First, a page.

4 Hayward, Milan S. and Williams, Mitchell R. Adult Learner Graduation Rates at Four U.S. Community Colleges by Prior Learning Assessment Status and Method. Community College Journal of Research and Practice, 39(May 23, 2014): 44-54.
5 Klein-Collins, Rebecca. 2011. Underserved Students Who Earn Credit Through Prior Learning Assessment (PLA) Have Higher Degree Completion Rates and Shorter Time-to-Degree. Council for Adult and Experiential Learning.
6Lakin, Mary Beth; Nellum, Christopher, Crandall, Jennifer; and Seymour, Deborah. Credit for Prior Learning Charting Institutional Practice for Sustainability. February, 2015. Washington, DC: American Council on Education.
7 American Council on Education. April 7, 2015. Internal Marketing: Building Credit for Prior Learning Engagement and Commitment across the Institution. Washington, DC: ACE 2015 Credit for Prior Learning Webinar Series.
8 ACE, February 2015.
9 ACE, February 2015.
10 Ryu, Mikung. 2013. Credit for Prior Learning: From the Student, Campus, and Industry Perspectives. Washington, DC: American Council on Education.
11American Association of Collegiate Registrars and Admissions Officers. 2014. Credit for Prior Learning Practices: Results of the AACRAO December 2014 60 Second Survey. American Association of Collegiate Registrars and Admissions Officers.
12 American Council on Education. April 7, 2015. Internal Marketing: Building Credit for Prior Learning Engagement and Commitment across the Institution. Washington, DC: ACE 2015 Credit for Prior Learning Webinar Series.

References

American Council on Education. April 7, 2015. Internal Marketing: Building Credit for Prior Learning Engagement and Commitment across the Institution. Washington, DC: ACE 2015 Credit for Prior Learning Webinar Series.

American Association of Collegiate Registrars and Admissions Officers. 2014. Credit for Prior Learning Practices: Results of the AACRAO December 2014 60 Second Survey. American Association of Collegiate Registrars and Admissions Officers.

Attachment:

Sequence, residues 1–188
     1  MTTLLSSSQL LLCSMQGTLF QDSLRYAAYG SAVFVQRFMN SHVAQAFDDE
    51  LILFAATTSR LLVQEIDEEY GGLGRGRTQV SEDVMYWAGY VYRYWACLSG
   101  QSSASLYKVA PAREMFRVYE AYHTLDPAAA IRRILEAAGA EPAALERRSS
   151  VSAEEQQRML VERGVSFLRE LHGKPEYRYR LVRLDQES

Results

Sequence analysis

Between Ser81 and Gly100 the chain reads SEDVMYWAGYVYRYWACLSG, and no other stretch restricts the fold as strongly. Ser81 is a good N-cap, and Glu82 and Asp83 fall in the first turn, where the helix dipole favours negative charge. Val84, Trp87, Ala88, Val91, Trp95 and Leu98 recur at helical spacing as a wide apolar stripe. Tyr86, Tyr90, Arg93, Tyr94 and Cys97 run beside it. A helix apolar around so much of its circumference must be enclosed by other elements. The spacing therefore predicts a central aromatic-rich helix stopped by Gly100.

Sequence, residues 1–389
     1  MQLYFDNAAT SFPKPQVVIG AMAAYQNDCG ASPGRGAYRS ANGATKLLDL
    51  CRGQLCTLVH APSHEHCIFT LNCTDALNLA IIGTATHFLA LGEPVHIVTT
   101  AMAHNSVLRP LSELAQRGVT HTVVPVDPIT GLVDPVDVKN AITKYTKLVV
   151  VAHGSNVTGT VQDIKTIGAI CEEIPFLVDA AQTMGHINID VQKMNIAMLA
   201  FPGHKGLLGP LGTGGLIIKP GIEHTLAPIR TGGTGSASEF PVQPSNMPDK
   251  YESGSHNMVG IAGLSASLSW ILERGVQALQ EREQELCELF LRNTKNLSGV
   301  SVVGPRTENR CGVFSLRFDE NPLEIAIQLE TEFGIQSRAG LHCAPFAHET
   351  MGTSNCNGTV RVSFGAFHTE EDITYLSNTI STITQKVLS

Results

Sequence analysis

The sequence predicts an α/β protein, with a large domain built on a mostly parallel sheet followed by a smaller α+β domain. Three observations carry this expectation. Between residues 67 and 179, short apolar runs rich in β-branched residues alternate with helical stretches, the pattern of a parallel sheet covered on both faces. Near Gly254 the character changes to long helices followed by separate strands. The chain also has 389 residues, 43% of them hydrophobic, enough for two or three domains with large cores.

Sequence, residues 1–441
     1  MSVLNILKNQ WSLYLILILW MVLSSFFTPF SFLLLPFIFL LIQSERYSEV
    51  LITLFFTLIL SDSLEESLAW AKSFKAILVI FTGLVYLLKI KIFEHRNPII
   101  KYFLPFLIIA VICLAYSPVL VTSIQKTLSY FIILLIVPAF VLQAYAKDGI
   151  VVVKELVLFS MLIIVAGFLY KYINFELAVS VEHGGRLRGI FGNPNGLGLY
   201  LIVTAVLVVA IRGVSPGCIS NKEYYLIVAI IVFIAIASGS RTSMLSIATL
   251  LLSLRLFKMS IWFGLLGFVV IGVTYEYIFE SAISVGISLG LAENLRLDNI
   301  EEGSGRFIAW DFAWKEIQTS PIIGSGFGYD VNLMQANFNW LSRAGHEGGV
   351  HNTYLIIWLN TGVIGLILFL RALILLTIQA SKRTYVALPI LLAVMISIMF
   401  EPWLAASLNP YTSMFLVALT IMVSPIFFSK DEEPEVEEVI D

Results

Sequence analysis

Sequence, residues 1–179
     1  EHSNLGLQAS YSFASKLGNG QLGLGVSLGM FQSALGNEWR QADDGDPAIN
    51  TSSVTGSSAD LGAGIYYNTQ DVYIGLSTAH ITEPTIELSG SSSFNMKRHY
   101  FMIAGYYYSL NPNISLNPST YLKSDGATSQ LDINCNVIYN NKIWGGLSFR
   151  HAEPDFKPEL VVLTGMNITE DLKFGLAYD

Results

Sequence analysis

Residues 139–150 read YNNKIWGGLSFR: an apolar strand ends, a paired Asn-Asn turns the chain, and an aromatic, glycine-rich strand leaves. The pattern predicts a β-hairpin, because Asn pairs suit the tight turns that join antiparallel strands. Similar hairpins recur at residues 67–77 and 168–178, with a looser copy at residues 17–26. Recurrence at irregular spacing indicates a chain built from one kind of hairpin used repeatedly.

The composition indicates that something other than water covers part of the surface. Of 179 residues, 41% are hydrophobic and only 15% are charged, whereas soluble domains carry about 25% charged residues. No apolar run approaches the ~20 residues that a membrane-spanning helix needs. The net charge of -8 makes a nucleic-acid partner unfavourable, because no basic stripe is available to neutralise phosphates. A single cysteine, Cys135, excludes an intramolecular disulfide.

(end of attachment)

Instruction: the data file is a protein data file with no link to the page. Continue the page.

Bautsch, Brenda. January, 2013. State Policies to Improve Student Transfer. National Conference of State Legislatures.

Berry, Carol L. 2013. A Comparison of CLEP and Non-CLP Students with Respect to Postsecondary Outcomes. The College Board.

Hayward, Milan S. and Williams, Mitchell R. Adult Learner Graduation Rates at Four U.S. Community Colleges by Prior Learning Assessment Status and Method. Community College Journal of Research and Practice, 39(May 23, 2014): 44-54.

Klein-Collins, Rebecca. 2010. Fueling the Race to Postsecondary Success: A 48-Institution Study of Prior Learning Assessment and Adult Student Outcomes. Council for Adult and Experiential Learning.

Klein-Collins, Rebecca. 2011. Underserved Students Who Earn Credit Through Prior Learning Assessment (PLA) Have Higher Degree Completion Rates and Shorter Timeto-Degree. Council for Adult and Experiential Learning.

Lakin, Mary Beth; Nellum, Christopher, Crandall, Jennifer; and Seymour, Deborah. Credit for Prior Learning Charting Institutional Practice for Sustainability. February, 2015. Washington, DC: American Council on Education.

Monaghan, David B. and Attewell, Paul. March 19, 2014. The Community College Route to the Bachelor’s Degree. Education Evaluation and Policy Analysis.

Ryu, Mikung. 2013. Credit for Prior Learning: From the Student, Campus, and Industry Perspectives. Washington, DC: American Council on Education.

Sherman, Amy, Klein-Collins, Rebecca and Palmer, Iris. 2012. State Policy Approaches to Support Prior Learning Assessment. Council for Adult and Experiential Learning and HCM Strategists.

 

Tags: